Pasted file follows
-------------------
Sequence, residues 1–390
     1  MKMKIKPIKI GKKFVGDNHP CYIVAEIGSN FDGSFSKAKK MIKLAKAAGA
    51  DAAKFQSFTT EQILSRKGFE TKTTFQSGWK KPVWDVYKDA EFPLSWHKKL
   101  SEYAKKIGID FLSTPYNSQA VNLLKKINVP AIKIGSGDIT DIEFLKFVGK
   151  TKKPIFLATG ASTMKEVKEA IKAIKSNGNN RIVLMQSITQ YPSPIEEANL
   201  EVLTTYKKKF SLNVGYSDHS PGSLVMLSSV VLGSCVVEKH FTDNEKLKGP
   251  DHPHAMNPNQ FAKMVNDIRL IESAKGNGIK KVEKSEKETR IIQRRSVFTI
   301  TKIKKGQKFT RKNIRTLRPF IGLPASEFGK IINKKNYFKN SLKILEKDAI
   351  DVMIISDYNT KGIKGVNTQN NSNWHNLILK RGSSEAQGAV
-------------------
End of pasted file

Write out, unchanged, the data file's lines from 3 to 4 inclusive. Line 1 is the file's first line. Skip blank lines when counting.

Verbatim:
    51  DAAKFQSFTT EQILSRKGFE TKTTFQSGWK KPVWDVYKDA EFPLSWHKKL
   101  SEYAKKIGID FLSTPYNSQA VNLLKKINVP AIKIGSGDIT DIEFLKFVGK